EH.net is owned and operated by the Economic History Association
with the support of other sponsoring organizations.

The Development of the Art Market in England: Money as Muse, 1730-1900

Author(s):Bayer, Thomas M.
Page, John R.
Reviewer(s):Jensen, Robert

Published by EH.NET (August 2011)

Thomas M. Bayer and John R. Page, The Development of the Art Market in England: Money as Muse, 1730-1900.? London: Pickering and Chatto, 2011.? xi + 267 pp.? $99 (hardcover), ISBN: 978-1-84893-043-8.

Reviewed for EH.Net by Robert Jensen, Art Department, University of Kentucky.

Since the pioneering work of John Michael Montias, economic historians have increasingly come to investigate Western markets for art.? This interest exists despite the fact that the art market represents a small part of any economy.? Does, then, the value of this research rest in increasing our understanding of economic behavior in general or does it teach us new things about art and artists by understanding their respective markets?? Thomas Bayer and John Page?s The Development of the Art Market in England belongs firmly to the Montias tradition of art market research, and the strengths of their research closely parallel the contributions of Montias? work.? The authors? principal claims appear to be that the ?commoditization? of art usefully contributes to artistic innovation, and perhaps more importantly, to the ?democratization? of art.? The English art world, the authors argue, developed a frankly commercial approach to art and created ways of thinking about and selling art that culminated in the enormous popular success of Victorian artists during the 1850s and 1860s.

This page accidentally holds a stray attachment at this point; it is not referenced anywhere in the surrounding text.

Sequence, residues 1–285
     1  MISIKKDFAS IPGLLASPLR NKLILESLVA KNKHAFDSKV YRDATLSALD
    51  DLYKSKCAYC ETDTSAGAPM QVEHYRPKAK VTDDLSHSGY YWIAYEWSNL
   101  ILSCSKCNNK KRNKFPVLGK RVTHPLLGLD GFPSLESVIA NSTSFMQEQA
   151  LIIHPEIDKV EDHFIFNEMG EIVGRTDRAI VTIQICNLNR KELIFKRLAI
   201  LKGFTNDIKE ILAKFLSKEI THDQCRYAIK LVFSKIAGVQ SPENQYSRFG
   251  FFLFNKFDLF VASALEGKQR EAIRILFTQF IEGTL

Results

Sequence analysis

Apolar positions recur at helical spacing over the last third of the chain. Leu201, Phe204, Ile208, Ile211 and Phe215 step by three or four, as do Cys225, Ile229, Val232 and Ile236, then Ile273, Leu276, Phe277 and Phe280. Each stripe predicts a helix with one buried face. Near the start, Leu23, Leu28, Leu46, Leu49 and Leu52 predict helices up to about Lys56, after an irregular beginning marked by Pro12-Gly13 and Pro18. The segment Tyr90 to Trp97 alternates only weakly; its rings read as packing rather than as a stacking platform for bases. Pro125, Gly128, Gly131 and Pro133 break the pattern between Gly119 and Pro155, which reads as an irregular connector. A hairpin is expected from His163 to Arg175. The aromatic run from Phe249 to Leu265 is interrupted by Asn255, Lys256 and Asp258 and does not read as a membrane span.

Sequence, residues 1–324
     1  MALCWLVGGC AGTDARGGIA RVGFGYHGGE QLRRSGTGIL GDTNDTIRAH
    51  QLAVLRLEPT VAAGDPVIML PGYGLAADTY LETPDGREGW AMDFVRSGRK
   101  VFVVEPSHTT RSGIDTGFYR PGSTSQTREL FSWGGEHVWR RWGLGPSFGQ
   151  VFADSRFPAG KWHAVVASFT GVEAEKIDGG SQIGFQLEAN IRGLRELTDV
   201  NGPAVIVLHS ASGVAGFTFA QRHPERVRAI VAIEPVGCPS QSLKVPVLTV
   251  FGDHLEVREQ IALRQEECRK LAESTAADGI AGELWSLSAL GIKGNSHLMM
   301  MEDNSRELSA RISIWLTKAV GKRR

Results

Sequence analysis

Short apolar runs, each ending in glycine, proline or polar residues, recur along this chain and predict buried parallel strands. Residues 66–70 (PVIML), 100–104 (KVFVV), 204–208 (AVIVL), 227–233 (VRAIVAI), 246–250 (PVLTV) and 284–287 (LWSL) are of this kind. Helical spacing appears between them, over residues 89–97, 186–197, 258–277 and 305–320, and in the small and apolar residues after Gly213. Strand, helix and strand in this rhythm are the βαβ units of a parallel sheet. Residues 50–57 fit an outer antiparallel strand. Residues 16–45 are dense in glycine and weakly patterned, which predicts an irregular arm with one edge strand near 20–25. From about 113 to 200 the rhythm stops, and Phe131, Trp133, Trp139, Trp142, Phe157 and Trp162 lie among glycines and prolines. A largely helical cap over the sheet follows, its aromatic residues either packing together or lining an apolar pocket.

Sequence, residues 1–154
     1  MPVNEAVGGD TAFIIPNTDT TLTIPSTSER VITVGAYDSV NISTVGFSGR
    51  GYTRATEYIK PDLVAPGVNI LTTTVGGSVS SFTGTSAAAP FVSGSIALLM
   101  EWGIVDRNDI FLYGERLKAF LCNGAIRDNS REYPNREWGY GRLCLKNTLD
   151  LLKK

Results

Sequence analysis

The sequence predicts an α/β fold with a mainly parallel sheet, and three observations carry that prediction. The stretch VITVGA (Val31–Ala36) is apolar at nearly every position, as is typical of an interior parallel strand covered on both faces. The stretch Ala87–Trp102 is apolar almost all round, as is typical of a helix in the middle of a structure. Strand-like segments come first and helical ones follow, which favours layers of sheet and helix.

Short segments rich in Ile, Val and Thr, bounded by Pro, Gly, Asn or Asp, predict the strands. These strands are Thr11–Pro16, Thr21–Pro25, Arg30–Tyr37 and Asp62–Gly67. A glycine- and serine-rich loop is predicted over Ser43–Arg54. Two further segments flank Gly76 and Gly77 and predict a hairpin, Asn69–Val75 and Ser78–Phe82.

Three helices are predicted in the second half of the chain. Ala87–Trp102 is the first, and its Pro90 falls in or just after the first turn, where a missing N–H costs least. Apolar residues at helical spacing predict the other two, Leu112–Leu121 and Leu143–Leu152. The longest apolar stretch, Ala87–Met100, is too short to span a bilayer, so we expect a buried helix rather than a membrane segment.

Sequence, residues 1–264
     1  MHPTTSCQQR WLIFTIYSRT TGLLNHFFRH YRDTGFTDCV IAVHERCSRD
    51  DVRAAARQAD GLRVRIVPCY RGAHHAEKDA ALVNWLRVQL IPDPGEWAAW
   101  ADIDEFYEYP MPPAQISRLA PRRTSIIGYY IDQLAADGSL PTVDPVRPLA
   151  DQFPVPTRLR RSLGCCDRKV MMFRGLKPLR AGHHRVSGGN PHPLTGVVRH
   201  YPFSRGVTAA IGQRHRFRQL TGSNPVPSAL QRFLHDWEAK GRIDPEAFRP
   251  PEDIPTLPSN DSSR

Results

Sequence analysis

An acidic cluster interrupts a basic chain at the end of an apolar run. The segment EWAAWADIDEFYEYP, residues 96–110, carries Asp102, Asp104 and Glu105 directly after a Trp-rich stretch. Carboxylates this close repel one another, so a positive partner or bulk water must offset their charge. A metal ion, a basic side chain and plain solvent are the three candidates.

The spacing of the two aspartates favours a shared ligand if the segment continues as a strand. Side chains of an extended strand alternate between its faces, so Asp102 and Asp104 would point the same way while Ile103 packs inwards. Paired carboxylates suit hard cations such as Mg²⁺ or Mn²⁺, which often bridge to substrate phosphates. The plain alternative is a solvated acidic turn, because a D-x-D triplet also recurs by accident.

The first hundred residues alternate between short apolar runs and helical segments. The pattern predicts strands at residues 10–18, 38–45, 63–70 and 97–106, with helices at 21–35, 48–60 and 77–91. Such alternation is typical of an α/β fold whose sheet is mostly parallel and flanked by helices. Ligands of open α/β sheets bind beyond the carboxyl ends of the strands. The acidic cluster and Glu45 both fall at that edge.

The Development of the Art Market in England represents a skillful blend of primary and secondary source material as well as some significant quantitative data compiled from over 42,000 sales catalogues published in England between 1709 and 1913.? After an introductory chapter (which is largely a synthesis of secondary sources) that connects the earliest development of the English market to the rise of the picture market in continental Europe during the sixteenth and seventeenth centuries, the authors then leave continental Europe behind to concentrate on the evolution of the English art trade.? In successive chapters they trace the development of ways of thinking and describing works of art that were especially conducive to commerce, then look at the developing commercial behavior of English painters during the eighteenth century, followed by an analysis of the role art criticism and art auctions play in creating the widest possible consumer base for paintings.? Finally, the authors trace the professionalization of picture dealers and their increasing centrality in the English market for both old master and contemporary English painting.